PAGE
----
Reverse money laundering is a process that disguises a legitimate source of funds that are to be used for illegal purposes.[36] It is usually perpetrated for the purpose of financing terrorism[37] but can be also used by criminal organizations that have invested in legal businesses and would like to withdraw legitimate funds from official circulation. Unaccounted cash received via disguising financial transactions is not included in official financial reporting and could be used to evade taxes, hand in bribes and pay "under-the-table" salaries.[38] For example, in an affidavit filed on 24 March 2014 in United States District Court, Northern California, San Francisco Division, FBI special agent Emmanuel V. Pascau alleged that several people associated with the Chee Kung Tong organization, and California State Senator Leland Yee, engaged in reverse money laundering activities.

The problem of such fraudulent encashment practices (obnalichka in Russian) has become acute in Russia and other countries of the former Soviet Union. The Eurasian Group on Combating Money Laundering and Financing of Terrorism (EAG) reported that the Russian Federation, Ukraine, Turkey, Serbia, Kyrgyzstan, Uzbekistan, Armenia and Kazakhstan have encountered a substantial shrinkage of tax base and shifting money supply balance in favor of cash. These processes have complicated planning and management of the economy and contributed to the growth of the shadow economy.[39]


Anti-money laundering (AML) is a term mainly used in the financial and legal industries to describe the legal controls that require financial institutions and other regulated entities to prevent, detect, and report money laundering activities. Anti-money laundering guidelines came into prominence globally as a result of the formation of the Financial Action Task Force (FATF) and the promulgation of an international framework of anti-money laundering standards.[40] These standards began to have more relevance in 2000 and 2001, after FATF began a process to publicly identify countries that were deficient in their anti-money laundering laws and international cooperation, a process colloquially known as "name and shame".[41][42]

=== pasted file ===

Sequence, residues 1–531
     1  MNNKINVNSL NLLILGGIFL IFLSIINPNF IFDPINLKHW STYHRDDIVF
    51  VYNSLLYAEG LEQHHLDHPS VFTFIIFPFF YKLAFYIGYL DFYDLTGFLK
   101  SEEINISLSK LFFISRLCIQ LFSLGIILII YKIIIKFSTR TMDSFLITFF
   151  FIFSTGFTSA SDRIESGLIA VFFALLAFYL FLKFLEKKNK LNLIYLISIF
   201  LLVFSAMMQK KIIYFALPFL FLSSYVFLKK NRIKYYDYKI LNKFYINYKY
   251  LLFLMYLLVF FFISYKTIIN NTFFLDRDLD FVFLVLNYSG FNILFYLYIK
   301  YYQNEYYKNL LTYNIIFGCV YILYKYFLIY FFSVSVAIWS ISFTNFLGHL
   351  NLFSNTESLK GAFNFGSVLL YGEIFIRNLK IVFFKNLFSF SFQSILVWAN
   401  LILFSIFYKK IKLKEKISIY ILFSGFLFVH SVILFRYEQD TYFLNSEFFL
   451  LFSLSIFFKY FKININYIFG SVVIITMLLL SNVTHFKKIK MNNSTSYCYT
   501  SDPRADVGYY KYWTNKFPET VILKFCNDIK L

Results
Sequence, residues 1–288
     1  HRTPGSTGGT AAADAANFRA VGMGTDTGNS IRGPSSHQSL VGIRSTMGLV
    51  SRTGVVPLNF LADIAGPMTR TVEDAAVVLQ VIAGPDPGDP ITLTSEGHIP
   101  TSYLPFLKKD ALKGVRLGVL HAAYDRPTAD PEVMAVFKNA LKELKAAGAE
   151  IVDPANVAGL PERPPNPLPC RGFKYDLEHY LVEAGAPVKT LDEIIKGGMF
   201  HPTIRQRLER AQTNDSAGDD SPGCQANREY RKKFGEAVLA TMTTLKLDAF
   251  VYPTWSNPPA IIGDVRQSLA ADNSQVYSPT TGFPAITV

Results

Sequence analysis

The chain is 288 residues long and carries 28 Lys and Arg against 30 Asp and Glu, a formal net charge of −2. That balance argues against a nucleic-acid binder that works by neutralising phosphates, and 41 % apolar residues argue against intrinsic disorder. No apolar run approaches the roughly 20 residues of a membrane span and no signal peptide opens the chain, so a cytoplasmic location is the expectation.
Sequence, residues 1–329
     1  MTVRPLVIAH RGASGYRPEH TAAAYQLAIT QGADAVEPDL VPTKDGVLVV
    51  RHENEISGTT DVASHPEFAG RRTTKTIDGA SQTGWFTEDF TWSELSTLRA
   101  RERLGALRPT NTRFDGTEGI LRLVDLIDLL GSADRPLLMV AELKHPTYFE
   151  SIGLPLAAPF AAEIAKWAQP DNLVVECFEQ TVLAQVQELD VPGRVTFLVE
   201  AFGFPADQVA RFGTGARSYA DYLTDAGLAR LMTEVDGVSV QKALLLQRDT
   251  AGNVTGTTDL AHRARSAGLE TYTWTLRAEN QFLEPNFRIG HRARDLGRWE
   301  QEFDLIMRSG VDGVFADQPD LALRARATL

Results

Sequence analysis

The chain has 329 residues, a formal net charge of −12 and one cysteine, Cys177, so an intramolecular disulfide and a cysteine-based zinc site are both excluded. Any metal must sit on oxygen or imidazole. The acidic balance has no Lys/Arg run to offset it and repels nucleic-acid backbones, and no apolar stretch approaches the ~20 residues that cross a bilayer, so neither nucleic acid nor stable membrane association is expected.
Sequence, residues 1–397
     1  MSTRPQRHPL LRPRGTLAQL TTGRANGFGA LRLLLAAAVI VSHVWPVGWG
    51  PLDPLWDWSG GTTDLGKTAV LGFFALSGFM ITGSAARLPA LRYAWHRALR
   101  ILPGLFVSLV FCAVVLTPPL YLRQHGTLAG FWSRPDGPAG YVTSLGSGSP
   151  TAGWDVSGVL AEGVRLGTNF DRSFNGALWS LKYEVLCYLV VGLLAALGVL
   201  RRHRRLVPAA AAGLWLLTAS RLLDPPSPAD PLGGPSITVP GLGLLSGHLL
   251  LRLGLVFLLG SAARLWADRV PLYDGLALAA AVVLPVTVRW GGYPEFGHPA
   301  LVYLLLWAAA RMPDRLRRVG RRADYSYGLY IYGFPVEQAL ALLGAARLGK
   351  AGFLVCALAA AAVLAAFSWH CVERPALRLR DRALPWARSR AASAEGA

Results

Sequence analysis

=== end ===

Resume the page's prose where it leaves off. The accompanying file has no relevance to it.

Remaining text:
An effective AML program requires a jurisdiction to criminalise money laundering, giving the relevant regulators and police the powers and tools to investigate; be able to share information with other countries as appropriate; and require financial institutions to identify their customers, establish risk-based controls, keep records, and report suspicious activities.[43]

Strict background checks are necessary to combat as many money launderers escape by investing through complex ownership and company structures. Banks can do that but a proper surveillance is required but on the Government side to reduce this.[44]


The elements of the crime of money laundering are set forth in the United Nations Convention Against Illicit Traffic in Narcotic Drugs and Psychotropic Substances and Convention against Transnational Organized Crime. It is defined as knowingly engaging in a financial transaction with the proceeds of a crime for the purpose of concealing or disguising the illicit origin of the property from governments.

The role of financial institutionsEdit

While banks operating in the same country generally have to follow the same anti-money laundering laws and regulations, financial institutions all structure their anti-money laundering efforts slightly differently.[45] Today, most financial institutions globally, and many non-financial institutions, are required to identify and report transactions of a suspicious nature to the financial intelligence unit in the respective country. For example, a bank must verify a customer's identity and, if necessary, monitor transactions for suspicious activity. This is often termed as "know your customer". This means knowing the identity of the customer and understanding the kinds of transactions in which the customer is likely to engage. By knowing one's customers, financial institutions can often identify unusual or suspicious behaviour, termed anomalies, which may be an indication of money laundering.[46]